A new approach to cybersecurity developed by researchers at the University of Texas at Dallas harnesses hackers as “free labor” for the job of creating better systems to block them.
Using deception technology to detect and in some cases combat unauthorized use of information systems is now a common technique for cybersecurity specialists.
The UT Dallas researchers’ latest take on the approach gathers data from hackers so they can use the information to train computers to recognize and stop future attacks. The team presented their findings in January at the Hawaii International Conference of System Sciences and in December at the annual Computer Security Applications Conference in Puerto Rico.
“There are criminals trying to attack our networks all the time, and normally we view that as a negative thing,” said Kevin Hamlen, UT Dallas professor of computer science, in a statement. “Instead of blocking them, maybe what we could be doing is viewing these attackers as a source of free labor. They’re providing us data about what malicious attacks look like.”
The DEEP-Dig (DEcEPtion DIGging) method draws hackers into a decoy site so the computer can learn from the attacks.
Hackers usually begin with simple probes of a site, which most cybersecurity defense programs will stop before the attacks become more sophisticated. DEEP-Dig allows researchers to develop better artificial intelligence by monitoring hackers’ behavior on a decoy site.
UT Dallas Professor Latifur Khan said the decoy site, stocked with disinformation, looks legit and tricks intruders into thinking they have successfully hacked the site. As hackers’ methods change, DEEP-Dig helps cybersecurity defense systems keep up with their tricks.
Keeping computer systems and data safe is an increasingly difficult job. Risk Based Security reported that 2019 was a record year for data breaches with 15.1 billion records exposed, an increase of 284 percent from 2018. According to business research company Gartner, worldwide spending on cybersecurity is expected to reach $133.7 billion by 2022.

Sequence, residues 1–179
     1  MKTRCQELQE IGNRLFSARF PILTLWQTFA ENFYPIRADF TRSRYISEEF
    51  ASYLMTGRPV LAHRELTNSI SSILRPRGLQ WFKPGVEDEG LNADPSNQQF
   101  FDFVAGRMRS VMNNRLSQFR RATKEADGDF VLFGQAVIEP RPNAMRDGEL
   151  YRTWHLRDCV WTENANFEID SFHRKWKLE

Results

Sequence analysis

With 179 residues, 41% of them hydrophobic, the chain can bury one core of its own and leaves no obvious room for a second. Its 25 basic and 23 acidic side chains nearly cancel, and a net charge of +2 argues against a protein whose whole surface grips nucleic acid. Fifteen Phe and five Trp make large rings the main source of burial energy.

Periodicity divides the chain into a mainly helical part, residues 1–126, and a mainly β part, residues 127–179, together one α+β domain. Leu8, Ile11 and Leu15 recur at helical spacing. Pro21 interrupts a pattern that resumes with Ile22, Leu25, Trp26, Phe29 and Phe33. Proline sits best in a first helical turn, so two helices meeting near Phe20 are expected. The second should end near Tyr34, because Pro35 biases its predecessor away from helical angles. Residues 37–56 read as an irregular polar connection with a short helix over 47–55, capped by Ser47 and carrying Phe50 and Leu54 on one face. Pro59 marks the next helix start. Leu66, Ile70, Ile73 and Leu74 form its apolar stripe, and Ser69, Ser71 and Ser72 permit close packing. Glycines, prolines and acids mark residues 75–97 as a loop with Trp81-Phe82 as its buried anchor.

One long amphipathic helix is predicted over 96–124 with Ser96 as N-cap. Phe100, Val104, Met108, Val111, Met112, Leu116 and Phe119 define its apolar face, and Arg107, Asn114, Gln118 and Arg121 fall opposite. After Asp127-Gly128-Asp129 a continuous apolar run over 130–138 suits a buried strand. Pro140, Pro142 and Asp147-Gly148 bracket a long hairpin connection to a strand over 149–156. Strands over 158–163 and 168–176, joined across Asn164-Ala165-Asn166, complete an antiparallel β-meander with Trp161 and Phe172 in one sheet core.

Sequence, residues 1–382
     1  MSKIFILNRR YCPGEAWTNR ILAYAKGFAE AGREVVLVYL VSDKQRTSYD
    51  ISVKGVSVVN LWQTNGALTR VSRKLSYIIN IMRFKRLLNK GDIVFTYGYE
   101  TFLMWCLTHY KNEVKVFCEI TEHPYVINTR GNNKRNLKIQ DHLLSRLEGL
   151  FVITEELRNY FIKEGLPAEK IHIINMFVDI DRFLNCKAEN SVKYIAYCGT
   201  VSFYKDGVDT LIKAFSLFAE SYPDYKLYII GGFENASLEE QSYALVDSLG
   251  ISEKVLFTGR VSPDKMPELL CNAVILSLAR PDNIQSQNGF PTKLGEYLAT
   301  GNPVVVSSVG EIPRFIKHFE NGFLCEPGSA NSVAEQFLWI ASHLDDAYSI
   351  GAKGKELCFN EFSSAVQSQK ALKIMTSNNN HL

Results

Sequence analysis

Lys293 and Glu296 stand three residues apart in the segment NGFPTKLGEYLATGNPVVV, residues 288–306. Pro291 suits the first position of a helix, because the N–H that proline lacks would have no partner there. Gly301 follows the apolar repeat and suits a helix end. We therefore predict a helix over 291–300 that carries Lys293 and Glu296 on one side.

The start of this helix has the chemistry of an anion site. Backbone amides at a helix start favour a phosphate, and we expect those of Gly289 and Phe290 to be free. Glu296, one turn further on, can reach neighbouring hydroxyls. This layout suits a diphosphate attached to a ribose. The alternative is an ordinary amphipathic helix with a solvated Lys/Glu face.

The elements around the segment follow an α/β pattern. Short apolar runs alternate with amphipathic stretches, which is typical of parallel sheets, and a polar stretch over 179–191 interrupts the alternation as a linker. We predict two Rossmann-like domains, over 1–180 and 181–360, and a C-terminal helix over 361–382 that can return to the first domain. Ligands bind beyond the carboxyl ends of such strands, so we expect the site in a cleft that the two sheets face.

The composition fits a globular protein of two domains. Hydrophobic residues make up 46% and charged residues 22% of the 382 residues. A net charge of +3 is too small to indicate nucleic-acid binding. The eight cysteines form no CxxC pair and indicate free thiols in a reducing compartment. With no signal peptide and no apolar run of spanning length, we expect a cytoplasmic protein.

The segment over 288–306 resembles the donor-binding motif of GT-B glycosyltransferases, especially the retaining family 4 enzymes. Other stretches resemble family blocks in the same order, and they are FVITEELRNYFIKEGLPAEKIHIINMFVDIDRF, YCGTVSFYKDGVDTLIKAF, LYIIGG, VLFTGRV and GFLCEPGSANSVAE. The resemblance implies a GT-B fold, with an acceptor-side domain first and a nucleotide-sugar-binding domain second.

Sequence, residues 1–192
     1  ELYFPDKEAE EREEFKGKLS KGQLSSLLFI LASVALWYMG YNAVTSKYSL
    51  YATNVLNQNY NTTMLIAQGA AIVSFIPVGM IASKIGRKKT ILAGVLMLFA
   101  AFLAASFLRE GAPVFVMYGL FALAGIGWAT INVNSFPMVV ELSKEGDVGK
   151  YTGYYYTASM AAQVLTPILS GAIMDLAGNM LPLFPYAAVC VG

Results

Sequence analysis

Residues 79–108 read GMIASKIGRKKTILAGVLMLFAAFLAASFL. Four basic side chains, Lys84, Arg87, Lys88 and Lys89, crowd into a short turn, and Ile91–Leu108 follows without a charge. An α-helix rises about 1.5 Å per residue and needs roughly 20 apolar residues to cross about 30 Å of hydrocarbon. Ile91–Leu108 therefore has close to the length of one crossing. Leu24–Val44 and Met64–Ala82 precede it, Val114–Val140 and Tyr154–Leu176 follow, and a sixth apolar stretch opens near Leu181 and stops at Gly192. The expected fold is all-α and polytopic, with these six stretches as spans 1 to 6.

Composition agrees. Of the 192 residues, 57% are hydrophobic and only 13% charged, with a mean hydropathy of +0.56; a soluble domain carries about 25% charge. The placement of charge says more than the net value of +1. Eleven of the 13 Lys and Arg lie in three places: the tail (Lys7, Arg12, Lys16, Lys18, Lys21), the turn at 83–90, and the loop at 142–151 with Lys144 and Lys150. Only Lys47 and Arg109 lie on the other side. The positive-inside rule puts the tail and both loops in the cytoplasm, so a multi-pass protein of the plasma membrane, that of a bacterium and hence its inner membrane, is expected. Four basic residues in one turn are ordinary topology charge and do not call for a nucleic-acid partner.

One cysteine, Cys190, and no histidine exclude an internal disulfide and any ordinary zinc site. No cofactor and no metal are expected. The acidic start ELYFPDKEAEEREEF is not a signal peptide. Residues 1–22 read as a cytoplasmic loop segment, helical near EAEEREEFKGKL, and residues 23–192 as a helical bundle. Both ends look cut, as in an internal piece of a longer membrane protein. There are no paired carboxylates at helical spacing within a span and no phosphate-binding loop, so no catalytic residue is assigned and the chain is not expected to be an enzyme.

The increased threats translates to a need for workers educated in cybersecurity, fostering new areas of study at UT Dallas and other DFW universities, along with a growing sector in the local tech economy.
Next fall, UT Dallas will offer a master’s degree in cybersecurity, technology and policy, a partnership between the School of Economic, Political and Policy Science and the department of computer science. The new degree will teach students how to evaluate the risks of cyberattacks, pinpoint security gaps in different policy settings, and work on related issues in regulations.
Southern Methodist University will also offer an online master’s in cybersecurity starting this year through the Darwin Deason Institute for Cybersecurity. And, the University of North Texas has its Center for Information and Cyber Security, which offers an undergraduate certificate in cybersecurity.
North Texas firms that specialize in cybersecurity include Trend Micro, a Japanese firm with a U.S. headquarters in Irving; HCL Technologies offering the CyberSecurity Fusion Center in Frisco; and Coppell-based QED Secure Solutions, which is conducting a field test for the Department of Homeland Security.
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